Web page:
The Republican tax plan that President Trump recently signed into law ended the federal government’s enforcement of the Affordable Care Act’s (ACA) individual mandate. Starting in tax season in 2020, people who were uninsured the previous year will no longer pay penalties on their federal income tax returns.
Happy 2018! We took a break over the holidays to restore ourselves and connect with family and community and hope you did, too. Health care advocates deserved time to celebrate and reflect after achieving monumental success in preventing the repeal of the Affordable Care Act and drastic cuts to Medicaid in 2017.
Trump administration has proposed a rule that would substantially increase the number of Americans who could be sold junk insurance in the form of “Association Health Plans,” or “AHPs.” This new and very dangerous step in the administration’s ongoing campaign to sabotage the Affordable Care Act could greatly reduce people’s access to essential health care, especially for those with preexisting conditions and older adults.
Update 12/20: Congress passed the tax plan and President Trump will sign it into law soon. Both the rushed, secretive process used to draft the bill and the bill itself are travesties.
The tax plan was written with such secrecy and speed that we probably won’t know all the details—and all the impact—for some time. But one thing is certain: If passed, it will gut health coverage for millions and set the stage for massive cuts to Medicaid, Medicare, and the Affordable Care Act.
The Avalere Study of the Impact of Murray-Alexander and Collins-Nelson Bills on Insurance Premiums: What It Says and Does Not Say
Why restoring cost-sharing reduction payments and funding two years of reinsurance payments won't be enough to counter the devastating impact of the tax bill on health insurance.
Republicans in Congress are rushing through a tax plan that repeals a key provision of the Affordable Care Act: the individual mandate. But even if lawmakers drop the repeal of the individual mandate from the final tax package, tax reform will lead to huge cuts to health care. Health care consumers and their advocates thus need to pay careful attention to the tax debate.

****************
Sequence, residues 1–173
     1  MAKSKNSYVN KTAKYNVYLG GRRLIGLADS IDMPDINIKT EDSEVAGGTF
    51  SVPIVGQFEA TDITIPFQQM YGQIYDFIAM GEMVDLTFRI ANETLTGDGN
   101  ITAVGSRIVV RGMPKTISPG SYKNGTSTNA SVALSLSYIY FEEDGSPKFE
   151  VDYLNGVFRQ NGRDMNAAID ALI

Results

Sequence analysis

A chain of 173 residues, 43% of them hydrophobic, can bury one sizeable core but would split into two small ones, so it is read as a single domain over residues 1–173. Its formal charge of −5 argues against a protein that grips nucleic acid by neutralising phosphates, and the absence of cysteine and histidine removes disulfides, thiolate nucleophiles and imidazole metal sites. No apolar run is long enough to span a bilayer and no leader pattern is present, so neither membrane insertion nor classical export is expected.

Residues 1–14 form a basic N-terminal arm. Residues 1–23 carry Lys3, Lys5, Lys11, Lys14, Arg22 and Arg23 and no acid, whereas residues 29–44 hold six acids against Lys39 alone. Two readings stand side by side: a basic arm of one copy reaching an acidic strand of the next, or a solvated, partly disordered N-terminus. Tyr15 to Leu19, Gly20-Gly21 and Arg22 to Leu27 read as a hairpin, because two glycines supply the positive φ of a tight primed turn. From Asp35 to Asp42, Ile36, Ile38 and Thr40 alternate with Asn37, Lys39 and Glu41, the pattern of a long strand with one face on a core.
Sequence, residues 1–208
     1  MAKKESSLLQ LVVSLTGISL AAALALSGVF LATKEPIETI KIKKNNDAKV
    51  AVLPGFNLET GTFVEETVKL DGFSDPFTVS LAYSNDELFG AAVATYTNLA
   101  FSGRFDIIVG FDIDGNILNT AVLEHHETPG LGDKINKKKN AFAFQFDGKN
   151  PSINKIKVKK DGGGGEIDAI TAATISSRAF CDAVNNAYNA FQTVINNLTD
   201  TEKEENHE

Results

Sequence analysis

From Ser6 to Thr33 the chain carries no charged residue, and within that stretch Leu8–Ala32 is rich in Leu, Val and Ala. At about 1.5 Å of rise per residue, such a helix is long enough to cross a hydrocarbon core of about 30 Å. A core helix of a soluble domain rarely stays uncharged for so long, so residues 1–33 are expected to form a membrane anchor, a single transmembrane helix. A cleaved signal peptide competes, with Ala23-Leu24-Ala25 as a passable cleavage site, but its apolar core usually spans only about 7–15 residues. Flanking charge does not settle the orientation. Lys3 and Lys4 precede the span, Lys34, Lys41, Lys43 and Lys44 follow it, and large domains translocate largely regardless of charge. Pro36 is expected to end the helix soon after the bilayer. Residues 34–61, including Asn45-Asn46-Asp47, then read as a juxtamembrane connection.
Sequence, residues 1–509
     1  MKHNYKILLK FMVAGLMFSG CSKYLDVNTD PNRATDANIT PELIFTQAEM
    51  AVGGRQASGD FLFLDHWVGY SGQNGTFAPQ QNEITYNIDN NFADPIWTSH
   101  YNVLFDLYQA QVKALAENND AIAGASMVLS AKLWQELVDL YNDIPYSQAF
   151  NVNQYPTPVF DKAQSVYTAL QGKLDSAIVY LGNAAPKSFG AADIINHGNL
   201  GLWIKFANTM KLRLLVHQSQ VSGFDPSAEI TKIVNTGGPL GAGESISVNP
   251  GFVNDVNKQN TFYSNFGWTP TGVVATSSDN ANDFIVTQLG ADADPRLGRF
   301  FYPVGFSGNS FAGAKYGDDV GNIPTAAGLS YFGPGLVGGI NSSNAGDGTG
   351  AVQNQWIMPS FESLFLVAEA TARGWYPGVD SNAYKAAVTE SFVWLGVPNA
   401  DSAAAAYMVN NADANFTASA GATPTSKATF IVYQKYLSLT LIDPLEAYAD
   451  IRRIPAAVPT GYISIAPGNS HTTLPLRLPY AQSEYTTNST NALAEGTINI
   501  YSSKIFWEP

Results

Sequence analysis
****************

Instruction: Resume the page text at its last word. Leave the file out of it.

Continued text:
Senator Murkowski just endorsed a policy that would repeal the Affordable Care Act coverage for 13 million people. Unfortunately, in addition to causing millions to lose coverage, this policy will make premiums go higher, not lower.
In the 2017 elections, Maine voters took control at the ballot box to expand health care coverage under the Affordable Care Act's Medicaid expansion. The decisive win--with nearly 60 percent of the vote-- shows the popular support for Medicaid expansion in Maine, where the governor has vetoed the state legislature's repeated efforts to expand coverage.
The lesson of the campaign will be shared in the coming year with other states like Utah and Idaho, where ballot initiatives give voters a chance to move Medicaid expansion efforts ahead after years of stalling by conservative policymakers.
Mostly by granting huge tax breaks to the wealthy and large corporations, the new tax bill would increase the federal deficit by more than $1 trillion over the next 10 years.
If a tax bill that explodes the deficit becomes law, it will set the stage for massive cuts to health programs like Medicaid, marketplace financial assistance, and Medicare. Health care consumers and their advocates thus need to pay careful attention to the tax debate.
Last week, Republican Sen. Lamar Alexander and Democrat Sen. Patty Murray introduced new legislation that represents a constructive, bipartisan step toward strengthening health care. With 24 cosponsors so far, the bill is a bipartisan package of so-called “stabilization" measures to support the individual and small group health insurance marketplaces.